Mediation is a dynamic process. This can mean stepping back, leaning out, and adopting a process that empowers the parties to set their own agenda and seek outcomes that may greatly vary from the objectives set forth in the briefs by lawyers who are trained as advocates more than problem-solvers.
In disputes where distributive bargaining and conventional problem-solving are ineffective, the transformative mediation framework originally outlined by Robert Baruch Bush and Joseph Folger in “The Promise of Mediation” may be essential to unlocking the ultimate means of resolving the dispute.
It begins with deep listening to consider which cases may call out for transformative mediation techniques. When a mediator approaches the initial fact-finding with open-ended questions and is keenly attentive to the responses, deep-seated wounds may reveal themselves and offer up clues to the best approach towards resolution. The kinds of answers you get to questions like: “Why are you here?” and “How would you define success at the end of the day?” may lead the attentive mediator to veer away from more conventional bargaining and adopt a more organic process.
Once the mediator has established that transformative mediation may be useful, there are only two essential components. First, the mediator focuses upon empowering the parties to define the issues and take responsibility for the outcome. Second, the mediator encourages the parties to engage in mutual recognition of each one’s right to their own unique perspective and interests underlying the dispute. Even where the parties are reluctant to actually acknowledge these factors to one another, the mediator may highlight her assessment that there are two unique perspectives and that there are yet unaddressed underlying interests involved in the dispute and encourage the parties to consider both the obvious (monetary) claims and those less obvious injuries—like reputation, ego, feelings, etc…
This is not as far a stretch as it may seem. It requires very keen attention to the opening statements made by their parties or on their behalves, whether done in joint session or separate caucus, to develop the list of underlying interests (which may be disparate from the monetary claims). And then it demands that each party at least attempt to recognize the other side’s interests and observe how each particular perspective lead them into this conflict. Whether the opening statement takes place in a joint session or a separate meeting with the mediator, the attentiveness to the full spectrum of communication, including body language and comments that may at first blush appear to be entirely off the track, should be taken into consideration.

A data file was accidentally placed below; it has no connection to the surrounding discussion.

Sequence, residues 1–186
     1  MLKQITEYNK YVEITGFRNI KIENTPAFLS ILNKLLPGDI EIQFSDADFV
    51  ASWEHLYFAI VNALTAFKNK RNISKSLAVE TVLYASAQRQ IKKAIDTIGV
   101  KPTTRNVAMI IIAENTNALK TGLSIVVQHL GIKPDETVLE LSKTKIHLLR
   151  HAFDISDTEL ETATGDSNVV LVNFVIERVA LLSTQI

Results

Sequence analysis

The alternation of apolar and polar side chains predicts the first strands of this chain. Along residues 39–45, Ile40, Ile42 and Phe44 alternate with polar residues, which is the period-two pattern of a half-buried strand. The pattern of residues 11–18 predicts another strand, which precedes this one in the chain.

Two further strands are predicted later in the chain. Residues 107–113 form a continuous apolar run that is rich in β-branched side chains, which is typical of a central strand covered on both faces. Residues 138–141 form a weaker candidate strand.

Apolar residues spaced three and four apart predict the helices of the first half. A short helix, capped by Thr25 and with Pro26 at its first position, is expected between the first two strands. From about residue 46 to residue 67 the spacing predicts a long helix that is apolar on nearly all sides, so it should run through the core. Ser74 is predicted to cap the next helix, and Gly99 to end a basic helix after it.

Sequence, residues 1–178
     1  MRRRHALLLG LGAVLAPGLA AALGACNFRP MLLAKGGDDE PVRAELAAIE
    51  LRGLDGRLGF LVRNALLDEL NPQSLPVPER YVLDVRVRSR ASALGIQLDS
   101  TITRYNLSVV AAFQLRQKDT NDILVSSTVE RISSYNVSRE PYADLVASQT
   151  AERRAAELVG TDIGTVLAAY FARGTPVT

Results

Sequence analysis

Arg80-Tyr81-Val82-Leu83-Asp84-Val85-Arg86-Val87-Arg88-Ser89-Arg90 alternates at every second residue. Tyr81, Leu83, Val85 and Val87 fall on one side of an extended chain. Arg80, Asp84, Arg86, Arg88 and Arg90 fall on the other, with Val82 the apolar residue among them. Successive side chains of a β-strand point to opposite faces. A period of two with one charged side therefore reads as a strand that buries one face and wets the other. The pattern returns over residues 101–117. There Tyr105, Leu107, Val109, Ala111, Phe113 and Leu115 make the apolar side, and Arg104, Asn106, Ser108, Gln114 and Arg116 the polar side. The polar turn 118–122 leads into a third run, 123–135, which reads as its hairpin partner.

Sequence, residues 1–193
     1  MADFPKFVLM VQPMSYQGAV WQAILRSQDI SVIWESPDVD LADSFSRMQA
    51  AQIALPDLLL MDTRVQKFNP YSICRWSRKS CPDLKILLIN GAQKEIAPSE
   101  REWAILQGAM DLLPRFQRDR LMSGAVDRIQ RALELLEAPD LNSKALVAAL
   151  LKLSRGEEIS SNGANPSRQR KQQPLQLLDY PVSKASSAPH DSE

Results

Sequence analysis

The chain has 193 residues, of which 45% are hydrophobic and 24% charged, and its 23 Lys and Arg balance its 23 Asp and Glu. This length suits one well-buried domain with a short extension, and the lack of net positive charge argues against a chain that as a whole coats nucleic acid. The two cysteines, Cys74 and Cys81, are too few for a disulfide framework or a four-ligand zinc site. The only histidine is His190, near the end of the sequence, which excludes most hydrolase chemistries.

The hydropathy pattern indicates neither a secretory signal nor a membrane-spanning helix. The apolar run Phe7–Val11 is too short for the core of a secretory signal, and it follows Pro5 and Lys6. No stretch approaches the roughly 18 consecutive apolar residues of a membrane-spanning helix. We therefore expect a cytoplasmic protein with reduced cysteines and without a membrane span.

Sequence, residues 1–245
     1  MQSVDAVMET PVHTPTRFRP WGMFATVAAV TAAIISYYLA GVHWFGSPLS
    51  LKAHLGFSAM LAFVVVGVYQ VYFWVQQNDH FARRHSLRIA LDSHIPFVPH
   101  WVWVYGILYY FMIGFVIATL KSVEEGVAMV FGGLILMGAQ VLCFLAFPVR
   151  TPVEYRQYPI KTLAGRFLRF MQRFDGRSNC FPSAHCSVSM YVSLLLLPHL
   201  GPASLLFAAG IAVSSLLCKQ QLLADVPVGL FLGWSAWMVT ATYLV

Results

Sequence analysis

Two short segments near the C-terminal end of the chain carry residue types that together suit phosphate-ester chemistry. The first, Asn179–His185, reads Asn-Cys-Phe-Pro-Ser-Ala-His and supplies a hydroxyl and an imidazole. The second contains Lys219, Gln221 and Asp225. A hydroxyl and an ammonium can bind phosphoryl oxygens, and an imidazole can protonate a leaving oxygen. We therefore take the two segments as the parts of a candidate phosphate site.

The hardest step for commercial mediators may be to “lean out” and avoid being directive or evaluative on process or outcome. Transformative mediation calls for a great deal of humility by the mediator.
In one example, Liza had been terminated from her job at a small, family-owned business while on an extended disability leave of absence. The wrongful termination claim sought $1,200,000 and Defendants made an initial offer of $5000. Liza revealed early in the process that in losing this job, she had lost the sense of “family” she had worked so hard to establish, in the wake of losing her husband to suicide and her only son to addiction. She felt untethered, confused, betrayed and alone. While it was clear that transforming Liza and her awful experience was not within the realm of possibility, a more modest goal of transforming the way she viewed this experience certainly was.
Eventually, Liza admitted to the mediator that what she wanted most was to share her personal news that as the result of her losing her job, she had been forced to find a way to reconcile with her son’s widow and her granddaughter after many years of estrangement following her son’s death. She wanted her former employers, whom she considered as family, to know that she had finally recovered some relationship with her real family after she was forced to turn to her daughter-in-law when she lost her job,and thus her pseudo family. Although that was not what she planned, she took comfort in finally creating a relationship and likewise felt sad that she had never been able to even see the owner’s baby — who would clearly have been a part of her life had she remained a part of this office family. It was apparent that the value of this case was not in dollars, but in mutual recognition and empowerment. The Plaintiff felt finally empowered to move beyond the identity of a victim, a Plaintiff, a terminated employee to the identity of a proud and grateful Grandmother and caretaker. And the employers felt liberated from their feelings of guilt for letting Liza go during this sad period of her mental depression.